Knives Out Second Opinion: Updating the Classic Hollywood Murder Mystery Family drama



A clever, politically inclined crowd-pleaser with enough laughs and pitch-perfect performances to keep you enthralled even if you solve its mystery.

If you’ve seen even just a glimmer of the marketing for Knives Out, Rian Johnson’s follow-up to his mostly successful but notably controversial previous feature Star Wars: The Last Jedi, you’ll probably have seen how it plays up its identity as a classic whodunnit. It’s even gone so far as to make the tag line a cheeky response: “…Hell, any of them could have done it”. It’s a film that’s proud to be giving audiences a classic performance-driven Hollywood murder mystery, with aims to be the satisfying holiday-season crowd-pleaser that gets people talking in a time when that can sometimes be difficult if you’re not an established franchise or Disney.  

But a classic whodunnit this is not, at least not quite. There’s been plenty of talk already about how this acts as a modernized update for the genre and for good reason — this is a star-studded comedic thriller that distinctly exists as a contemporary product of our current social, political, and social climate. There’s a very modern snarky wit that runs through much of the dialogue (though delivered through delightfully hammed-up performances), and blasé references to Instagram, Twitter, and New Yorker articles on Twitter. Perhaps most notable are the sequences of heated political exchanges and some Extremely Online activist language sprinkled throughout. Included are references to red hats, illegal immigrants, and children in cages, as well as terms such as “liberal snowflake” and “alt-right troll” hurled between members of the bickering Thrombey family. 

I’m not sure how much these segments and throw-away lines add to any of the thematic resonance of the film and, from my perspective, they really only serve as deliberately incendiary diversions that may ruffle a few feathers (it might actually be perfect that this movie is coming out around the holiday season). They’re the most heavy-handed aspect of a story that already has otherwise astute implicit political dynamics given the current class conversation America is currently in the midst of. After meeting all the members of the Thrombey family, you’ll be hard-pressed to pick one to genuinely root for. Each one of them is a special kind of awful or insufferable in their own way, none of them being particularly grief-ridden by the death of Harlan Thrombey (Christopher Plummer) but all of whom are desperately anticipating the will reading. Just about every Thrombey member is selfish and undeserving of anything potentially left behind for them, a point the movie makes sure doesn’t go disregarded in what is ultimately a critique on upper-class greed and white privilege. Trump is never mentioned by name, but the heavy tension that has blanketed the country since his election is felt throughout.

At the heart of all this is Marta Cabera (Ana de Armas), Harlen’s immigrant caretaker whom the other Thrombey’s mostly disregard or harbor a passive disdain for that grows more prominent as the plot progresses (it’s worth noting they don’t even seem to know which country she came from). Detective Benoit Blanc (Daniel Craig) enlists her as his insider witness because of her inability to lie without throwing up, a convenient but entertaining gag that makes for some of the film’s best sequences. Armas and Craig are both complete show-stealers here, Armas delivering a warm and endearing performance to counteract the toxicity of the rest of the family, and Craig turning up the theatricality to a cartoonish high. His exaggerated southern drawl and completely earnest delivery of the most stereotypical movie-detective dialogue ever veers the film close to the point of parody, but actually ends up a highlight and feels more knowingly tongue-in-cheek, in a good way. As close as the film comes to being smarmy and potentially annoying, it never feels like it’s being too ironic for its own good; this is a good example of modernizing a genre while recognizing and having fun with the established tropes that have come before.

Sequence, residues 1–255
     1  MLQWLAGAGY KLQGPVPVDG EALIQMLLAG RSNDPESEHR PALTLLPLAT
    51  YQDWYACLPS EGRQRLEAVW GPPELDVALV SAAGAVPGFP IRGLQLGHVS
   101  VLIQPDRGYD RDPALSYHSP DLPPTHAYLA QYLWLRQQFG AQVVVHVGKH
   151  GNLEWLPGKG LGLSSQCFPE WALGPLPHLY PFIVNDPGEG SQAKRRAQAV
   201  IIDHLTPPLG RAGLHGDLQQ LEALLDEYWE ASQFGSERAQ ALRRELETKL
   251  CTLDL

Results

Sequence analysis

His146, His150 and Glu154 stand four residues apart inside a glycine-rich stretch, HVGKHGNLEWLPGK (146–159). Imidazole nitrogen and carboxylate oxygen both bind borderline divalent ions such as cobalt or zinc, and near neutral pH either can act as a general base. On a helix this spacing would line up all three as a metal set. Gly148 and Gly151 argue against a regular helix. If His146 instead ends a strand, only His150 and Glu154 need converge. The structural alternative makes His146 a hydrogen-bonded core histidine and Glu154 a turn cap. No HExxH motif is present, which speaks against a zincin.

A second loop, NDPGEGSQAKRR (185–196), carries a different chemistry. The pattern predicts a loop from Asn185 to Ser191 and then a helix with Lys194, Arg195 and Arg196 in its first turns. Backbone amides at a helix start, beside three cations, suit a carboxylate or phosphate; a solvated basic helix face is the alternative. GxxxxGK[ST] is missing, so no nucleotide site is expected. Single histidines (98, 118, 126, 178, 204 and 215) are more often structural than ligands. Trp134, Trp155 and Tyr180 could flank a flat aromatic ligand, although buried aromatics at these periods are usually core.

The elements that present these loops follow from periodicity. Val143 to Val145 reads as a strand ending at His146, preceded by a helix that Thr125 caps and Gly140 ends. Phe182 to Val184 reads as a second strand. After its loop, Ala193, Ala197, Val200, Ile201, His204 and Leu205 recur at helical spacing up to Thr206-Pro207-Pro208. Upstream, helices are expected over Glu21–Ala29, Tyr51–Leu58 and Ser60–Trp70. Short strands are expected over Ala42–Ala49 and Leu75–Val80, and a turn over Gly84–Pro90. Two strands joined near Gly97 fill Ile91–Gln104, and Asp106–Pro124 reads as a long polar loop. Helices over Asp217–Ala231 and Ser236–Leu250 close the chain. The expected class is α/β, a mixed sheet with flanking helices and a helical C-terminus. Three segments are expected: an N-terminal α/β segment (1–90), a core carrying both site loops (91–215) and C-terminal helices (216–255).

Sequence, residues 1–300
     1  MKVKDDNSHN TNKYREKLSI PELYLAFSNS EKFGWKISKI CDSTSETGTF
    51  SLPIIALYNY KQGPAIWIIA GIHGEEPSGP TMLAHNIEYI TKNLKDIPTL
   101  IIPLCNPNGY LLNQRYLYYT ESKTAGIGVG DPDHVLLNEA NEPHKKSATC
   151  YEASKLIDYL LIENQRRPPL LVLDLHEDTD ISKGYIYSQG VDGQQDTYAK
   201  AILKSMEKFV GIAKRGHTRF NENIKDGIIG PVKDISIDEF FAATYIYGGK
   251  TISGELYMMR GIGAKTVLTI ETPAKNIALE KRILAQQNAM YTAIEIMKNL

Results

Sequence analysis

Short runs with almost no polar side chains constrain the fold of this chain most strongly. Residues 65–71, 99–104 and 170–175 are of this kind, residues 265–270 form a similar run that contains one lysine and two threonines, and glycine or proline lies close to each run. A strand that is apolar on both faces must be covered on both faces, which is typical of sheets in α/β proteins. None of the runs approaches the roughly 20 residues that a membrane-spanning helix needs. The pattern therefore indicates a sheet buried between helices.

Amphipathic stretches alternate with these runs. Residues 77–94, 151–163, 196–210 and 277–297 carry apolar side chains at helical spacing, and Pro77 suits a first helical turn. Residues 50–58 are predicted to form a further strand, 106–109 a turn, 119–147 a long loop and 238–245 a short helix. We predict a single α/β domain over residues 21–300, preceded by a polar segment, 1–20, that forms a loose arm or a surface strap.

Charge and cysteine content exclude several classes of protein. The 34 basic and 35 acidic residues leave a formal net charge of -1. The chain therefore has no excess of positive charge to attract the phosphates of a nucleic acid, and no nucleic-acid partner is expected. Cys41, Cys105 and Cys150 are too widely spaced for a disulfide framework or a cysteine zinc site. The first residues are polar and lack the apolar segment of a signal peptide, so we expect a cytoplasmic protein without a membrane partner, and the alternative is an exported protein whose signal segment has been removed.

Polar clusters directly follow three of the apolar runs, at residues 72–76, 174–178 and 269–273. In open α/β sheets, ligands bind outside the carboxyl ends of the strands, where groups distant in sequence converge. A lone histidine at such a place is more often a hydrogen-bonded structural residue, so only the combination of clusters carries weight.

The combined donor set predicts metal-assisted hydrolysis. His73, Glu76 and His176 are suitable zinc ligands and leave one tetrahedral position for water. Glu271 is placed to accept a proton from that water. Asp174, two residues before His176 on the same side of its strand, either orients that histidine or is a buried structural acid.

It also has the benefit of being genuinely skillfully assembled, as well as very funny. Johnson is obviously a skilled writer/director and he impresses in how he is able to subvert your expectations as to what you’re actually getting into with this film midway through but also manages to circle back around to give you exactly what you wanted. The actual mystery is an efficiently constructed maze of red herrings and unexpected detours, and the film does a good job of leading you down the wrong path so that the final reveal makes perfect sense but was completely out of mind. Some more adept viewers (not me) will be able to see the twists coming from the very beginning, but I’d say it hardly matters in a movie that’s otherwise this riotously entertaining, and with such a stellar ensemble cast to boot. Knives Out may bear a few defects of the logged-on social media age but at its best its an exceptionally clever endeavor that plays great with a receptive audience, has a little more than murder on its mind, and lives up to the genre it genuinely seems to admire so much.

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Trace Sauveur

Trace Sauveur has been a regular critic at Ready Steady Cut since March 2019.

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